The piece “Joyful” was inspired by the amarylis plant that I had flowering in my kitchen last winter. Its colours and petal shapes drew me in and I knew I wanted somehow to incorporate these into a quilt.
I made another quilt first, however, – Moonlit Garden – that enabled me to explore the petal shapes, the colours and the best techniques to use. Before Joyful, there was also another failed attempt at using large scale appliqué pieces onto a background – these had puckered and wrinkled. So I cut that up, reused the fabric and decided on a different approach – smaller petals layered on one another and a heavier weight backing fabric. My process is always one of experimenting, each quilt represents a new challenge and I learn constantly.
Which part of the design process is your favorite? Which part is a challenge for you?
My favourite part is when I begin placing shapes, ready for appliqué, onto my design wall, moving them about, repositioning them until a pleasing design begins to come together. The challenge begins with the quilting, working out whether it’s best to stitch everything down before layering the quilt or to use the stitching as part of the quilting process. What kind of quilting to do on a particular piece is always difficult to decide.
How is your work different than it was in the beginning? How is it the same?I
The more art quilting I do the more freedom I am allowing myself. I’m beginning to include patterned and hand dyed fabric, to incorporate paint and to use different kinds of fabric other than cotton – silks, linen, mesh etc. What remains is the desire always to include some hand embroidery on the quilt.
What’s the best piece of advice you’ve received?
Review each piece you do, keep notes on the processes you used and work out what worked and what didn’t. And remember to go back to those notes next time!
Do you enter juried shows? Do you approach your work differently for these venues?
Since joining SAQA I do enter their juried shows with the occasional success! I don’t do anything different, although the theme may prompt me to make a quilt that otherwise I would not have done! My recent acceptance into the SAQA, Bearing Witness exhibition, which premieres this August in the USA, is a case in point.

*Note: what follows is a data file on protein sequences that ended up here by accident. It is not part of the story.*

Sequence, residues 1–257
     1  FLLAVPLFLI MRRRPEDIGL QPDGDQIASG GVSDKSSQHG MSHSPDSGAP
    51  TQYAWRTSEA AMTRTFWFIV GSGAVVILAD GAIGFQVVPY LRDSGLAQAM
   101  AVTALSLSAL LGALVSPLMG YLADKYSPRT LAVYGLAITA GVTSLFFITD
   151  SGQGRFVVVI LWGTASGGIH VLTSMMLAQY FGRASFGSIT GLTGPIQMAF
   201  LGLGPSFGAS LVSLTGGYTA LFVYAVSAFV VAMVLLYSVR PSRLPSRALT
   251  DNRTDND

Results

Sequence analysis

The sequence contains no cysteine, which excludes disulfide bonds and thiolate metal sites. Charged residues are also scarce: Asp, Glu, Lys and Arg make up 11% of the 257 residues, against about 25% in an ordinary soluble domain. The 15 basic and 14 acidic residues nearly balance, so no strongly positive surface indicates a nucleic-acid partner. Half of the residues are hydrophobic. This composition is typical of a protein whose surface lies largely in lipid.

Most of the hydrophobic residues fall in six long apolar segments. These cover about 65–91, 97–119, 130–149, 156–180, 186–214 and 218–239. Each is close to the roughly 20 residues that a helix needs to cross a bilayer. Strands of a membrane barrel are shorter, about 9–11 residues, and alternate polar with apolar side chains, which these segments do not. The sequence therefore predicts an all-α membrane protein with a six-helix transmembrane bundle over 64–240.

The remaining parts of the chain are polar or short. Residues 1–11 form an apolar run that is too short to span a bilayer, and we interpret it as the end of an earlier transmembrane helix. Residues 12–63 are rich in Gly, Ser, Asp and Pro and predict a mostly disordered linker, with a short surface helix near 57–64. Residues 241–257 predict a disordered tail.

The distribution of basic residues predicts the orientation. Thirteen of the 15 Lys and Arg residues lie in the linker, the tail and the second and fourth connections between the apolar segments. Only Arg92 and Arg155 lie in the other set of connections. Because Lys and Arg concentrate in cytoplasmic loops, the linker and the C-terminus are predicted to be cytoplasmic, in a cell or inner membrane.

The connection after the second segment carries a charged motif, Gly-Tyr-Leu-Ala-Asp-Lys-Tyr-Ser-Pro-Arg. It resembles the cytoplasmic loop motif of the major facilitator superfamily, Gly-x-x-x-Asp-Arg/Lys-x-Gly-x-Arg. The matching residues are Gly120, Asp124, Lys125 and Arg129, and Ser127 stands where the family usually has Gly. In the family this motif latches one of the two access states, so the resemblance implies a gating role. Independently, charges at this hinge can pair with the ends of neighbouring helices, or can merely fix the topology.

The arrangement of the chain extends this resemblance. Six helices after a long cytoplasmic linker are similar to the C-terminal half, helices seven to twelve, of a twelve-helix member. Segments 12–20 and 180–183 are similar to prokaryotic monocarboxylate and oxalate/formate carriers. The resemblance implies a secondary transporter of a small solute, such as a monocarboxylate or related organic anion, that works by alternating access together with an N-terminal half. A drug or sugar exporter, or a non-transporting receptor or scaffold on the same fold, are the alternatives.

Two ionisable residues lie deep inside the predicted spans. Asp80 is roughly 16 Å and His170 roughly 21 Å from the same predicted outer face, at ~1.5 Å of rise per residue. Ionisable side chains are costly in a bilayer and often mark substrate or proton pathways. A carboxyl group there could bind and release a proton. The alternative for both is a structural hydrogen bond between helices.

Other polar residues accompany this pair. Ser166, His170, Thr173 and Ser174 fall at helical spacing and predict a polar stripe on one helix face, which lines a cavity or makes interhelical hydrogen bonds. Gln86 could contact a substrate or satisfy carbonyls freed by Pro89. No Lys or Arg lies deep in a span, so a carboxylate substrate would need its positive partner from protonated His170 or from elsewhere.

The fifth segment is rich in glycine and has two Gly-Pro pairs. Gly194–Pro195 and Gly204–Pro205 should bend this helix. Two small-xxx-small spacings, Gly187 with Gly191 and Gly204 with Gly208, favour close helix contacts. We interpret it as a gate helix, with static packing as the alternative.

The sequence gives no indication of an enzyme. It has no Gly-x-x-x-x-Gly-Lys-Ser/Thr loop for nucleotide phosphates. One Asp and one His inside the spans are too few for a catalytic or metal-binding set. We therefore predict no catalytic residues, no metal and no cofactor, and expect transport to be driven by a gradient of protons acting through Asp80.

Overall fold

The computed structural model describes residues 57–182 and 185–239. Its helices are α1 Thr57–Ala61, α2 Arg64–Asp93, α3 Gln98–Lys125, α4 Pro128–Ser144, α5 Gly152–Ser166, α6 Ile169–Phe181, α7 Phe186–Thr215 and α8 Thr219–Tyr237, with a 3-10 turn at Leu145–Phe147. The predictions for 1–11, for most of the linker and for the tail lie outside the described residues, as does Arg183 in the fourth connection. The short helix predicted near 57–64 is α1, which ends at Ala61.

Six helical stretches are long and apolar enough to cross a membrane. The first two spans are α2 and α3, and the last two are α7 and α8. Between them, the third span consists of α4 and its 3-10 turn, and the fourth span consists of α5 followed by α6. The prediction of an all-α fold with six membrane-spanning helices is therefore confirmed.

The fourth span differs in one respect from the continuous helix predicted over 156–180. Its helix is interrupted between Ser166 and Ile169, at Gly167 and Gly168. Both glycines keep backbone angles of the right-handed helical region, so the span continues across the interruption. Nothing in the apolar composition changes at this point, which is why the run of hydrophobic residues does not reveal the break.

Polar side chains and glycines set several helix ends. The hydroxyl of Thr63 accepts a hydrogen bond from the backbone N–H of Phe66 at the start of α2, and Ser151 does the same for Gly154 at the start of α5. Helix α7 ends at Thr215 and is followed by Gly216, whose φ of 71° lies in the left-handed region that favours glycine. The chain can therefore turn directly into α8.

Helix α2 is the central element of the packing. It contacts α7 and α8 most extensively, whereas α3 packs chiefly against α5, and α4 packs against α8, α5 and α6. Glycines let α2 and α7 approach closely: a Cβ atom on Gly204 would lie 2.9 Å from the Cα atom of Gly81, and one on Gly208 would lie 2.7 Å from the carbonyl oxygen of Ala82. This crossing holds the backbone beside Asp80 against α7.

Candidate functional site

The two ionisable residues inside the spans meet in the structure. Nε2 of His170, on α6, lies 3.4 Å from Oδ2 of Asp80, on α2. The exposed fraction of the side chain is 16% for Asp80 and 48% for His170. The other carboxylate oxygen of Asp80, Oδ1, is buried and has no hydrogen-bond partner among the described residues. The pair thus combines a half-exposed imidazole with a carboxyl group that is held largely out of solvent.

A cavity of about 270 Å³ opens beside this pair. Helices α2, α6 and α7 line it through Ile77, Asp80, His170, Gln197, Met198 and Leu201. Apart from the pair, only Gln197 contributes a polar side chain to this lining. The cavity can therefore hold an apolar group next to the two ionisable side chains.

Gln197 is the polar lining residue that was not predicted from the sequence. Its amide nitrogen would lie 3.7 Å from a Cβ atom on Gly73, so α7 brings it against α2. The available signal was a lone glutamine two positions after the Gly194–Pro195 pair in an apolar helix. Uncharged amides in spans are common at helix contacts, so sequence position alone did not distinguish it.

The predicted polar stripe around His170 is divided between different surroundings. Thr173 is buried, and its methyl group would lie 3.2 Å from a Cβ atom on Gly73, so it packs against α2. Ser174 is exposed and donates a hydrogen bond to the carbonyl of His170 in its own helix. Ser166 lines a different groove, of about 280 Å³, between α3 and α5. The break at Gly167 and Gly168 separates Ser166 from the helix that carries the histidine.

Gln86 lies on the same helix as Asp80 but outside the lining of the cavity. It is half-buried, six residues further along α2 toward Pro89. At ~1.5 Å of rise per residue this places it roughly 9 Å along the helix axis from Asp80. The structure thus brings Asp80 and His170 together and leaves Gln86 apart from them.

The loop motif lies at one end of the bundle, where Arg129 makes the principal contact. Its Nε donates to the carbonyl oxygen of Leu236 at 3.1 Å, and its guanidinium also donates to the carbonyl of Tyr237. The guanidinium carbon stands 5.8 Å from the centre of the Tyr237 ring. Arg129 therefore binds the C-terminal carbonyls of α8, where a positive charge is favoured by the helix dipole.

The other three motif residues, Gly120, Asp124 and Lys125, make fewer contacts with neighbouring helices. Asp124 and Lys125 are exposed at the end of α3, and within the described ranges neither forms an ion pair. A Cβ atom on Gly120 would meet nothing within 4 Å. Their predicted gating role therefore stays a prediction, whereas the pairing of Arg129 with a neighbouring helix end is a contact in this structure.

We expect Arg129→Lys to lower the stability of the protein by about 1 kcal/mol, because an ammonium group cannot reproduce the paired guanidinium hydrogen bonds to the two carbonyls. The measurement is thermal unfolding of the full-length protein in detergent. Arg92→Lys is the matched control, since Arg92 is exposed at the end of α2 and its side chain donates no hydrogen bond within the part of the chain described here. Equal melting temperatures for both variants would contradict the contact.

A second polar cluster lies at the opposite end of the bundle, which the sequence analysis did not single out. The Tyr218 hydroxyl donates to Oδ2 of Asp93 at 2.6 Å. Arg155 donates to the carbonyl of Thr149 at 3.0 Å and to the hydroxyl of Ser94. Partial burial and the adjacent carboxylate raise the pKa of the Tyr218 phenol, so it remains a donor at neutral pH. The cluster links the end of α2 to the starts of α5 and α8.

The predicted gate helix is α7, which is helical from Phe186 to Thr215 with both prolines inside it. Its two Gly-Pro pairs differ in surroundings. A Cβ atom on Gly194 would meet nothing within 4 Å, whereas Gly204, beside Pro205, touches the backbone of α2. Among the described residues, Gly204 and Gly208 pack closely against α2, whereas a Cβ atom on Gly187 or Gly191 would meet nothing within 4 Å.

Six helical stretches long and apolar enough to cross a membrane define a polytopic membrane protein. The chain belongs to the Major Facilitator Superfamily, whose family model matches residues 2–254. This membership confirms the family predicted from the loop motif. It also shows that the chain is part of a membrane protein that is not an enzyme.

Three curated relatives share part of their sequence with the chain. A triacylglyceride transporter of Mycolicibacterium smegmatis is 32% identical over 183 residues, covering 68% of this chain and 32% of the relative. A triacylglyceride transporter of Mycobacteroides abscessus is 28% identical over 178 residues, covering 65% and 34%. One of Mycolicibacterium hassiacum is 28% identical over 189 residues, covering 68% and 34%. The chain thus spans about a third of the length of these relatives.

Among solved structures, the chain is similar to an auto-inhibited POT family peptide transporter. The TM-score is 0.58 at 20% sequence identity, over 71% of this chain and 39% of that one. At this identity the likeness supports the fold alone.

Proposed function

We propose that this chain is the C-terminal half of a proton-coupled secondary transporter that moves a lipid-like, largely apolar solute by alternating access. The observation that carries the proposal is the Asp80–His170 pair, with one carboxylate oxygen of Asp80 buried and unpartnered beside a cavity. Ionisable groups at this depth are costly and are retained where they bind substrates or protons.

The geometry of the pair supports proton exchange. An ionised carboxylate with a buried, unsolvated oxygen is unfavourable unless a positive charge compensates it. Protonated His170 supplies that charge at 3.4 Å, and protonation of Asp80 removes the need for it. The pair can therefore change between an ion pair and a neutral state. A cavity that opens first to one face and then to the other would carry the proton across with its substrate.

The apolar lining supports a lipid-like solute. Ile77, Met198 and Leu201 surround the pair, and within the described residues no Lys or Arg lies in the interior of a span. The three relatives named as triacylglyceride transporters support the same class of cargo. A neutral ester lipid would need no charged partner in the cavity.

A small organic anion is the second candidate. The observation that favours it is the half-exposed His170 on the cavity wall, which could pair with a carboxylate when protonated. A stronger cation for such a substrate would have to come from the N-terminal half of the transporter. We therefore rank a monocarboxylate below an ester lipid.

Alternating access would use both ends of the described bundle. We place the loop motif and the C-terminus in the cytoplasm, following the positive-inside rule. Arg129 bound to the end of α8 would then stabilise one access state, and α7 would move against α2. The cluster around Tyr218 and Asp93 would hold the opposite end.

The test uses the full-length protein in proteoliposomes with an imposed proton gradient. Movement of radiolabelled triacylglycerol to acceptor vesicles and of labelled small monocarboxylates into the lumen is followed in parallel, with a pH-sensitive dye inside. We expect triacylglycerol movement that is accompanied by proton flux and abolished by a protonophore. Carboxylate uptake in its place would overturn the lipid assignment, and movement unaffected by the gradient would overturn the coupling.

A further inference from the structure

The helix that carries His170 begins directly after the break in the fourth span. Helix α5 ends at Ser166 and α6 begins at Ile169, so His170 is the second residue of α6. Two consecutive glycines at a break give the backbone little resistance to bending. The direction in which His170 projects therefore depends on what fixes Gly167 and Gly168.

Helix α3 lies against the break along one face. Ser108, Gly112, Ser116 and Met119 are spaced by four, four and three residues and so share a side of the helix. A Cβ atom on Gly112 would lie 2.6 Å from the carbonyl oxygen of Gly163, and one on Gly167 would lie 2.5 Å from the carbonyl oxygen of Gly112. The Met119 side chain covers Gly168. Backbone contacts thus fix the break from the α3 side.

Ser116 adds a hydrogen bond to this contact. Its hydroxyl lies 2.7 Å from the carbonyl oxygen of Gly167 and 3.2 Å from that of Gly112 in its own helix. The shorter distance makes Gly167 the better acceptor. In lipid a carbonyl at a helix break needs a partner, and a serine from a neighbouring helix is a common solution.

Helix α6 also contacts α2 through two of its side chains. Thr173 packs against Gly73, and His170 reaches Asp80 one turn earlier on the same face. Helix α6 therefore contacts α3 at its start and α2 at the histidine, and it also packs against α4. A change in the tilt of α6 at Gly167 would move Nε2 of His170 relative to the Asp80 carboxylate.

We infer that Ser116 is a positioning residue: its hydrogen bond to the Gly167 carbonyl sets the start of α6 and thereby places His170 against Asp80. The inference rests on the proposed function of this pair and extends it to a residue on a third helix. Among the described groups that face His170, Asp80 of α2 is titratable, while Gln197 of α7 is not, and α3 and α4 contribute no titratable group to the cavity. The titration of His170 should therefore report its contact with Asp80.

Do you keep track of your work? Shows that you’ve entered? Tell us what works for you.
Yes I do. I keep a simple list of upcoming shows, which quilts I’ve entered where and whether or not I’ve been successful.
What do you do to keep yourself motivated and interested in your work?
I have always been self motivated and quite disciplined about work. As an academic you have to generate your own research and ideas, so now, as an art quilter, I don’t find that a problem. I will see things that make me think ‘I could make a quilt out of that’. I don’t think I will ever run out of inspiration!
If I’m feeling less inspired or tired I will do jobs like making the hanging sleeves, putting on facings/ bindings, things I really don’t like doing but need to be done and don’t require me to think that much!
Has rejection ever affected your creative process? Explain.
No, not really. I work from the principle that if I get accepted it’s a bonus! I know that I haven’t been doing quilting that long, and that I am continually learning from every piece that I make. Sometimes I feel a bit disappointed, if I really feel the quilt was a good one, but I am also realistic enough to know that the competition is huge!
How do you know when a piece or project is finished and needs no additional work?
I leave it for a few days on my design wall to see how it “feels” .
Where can people see your work?
Interview posted January 2024
Browse through more inspiring art quilts on Create Whimsy.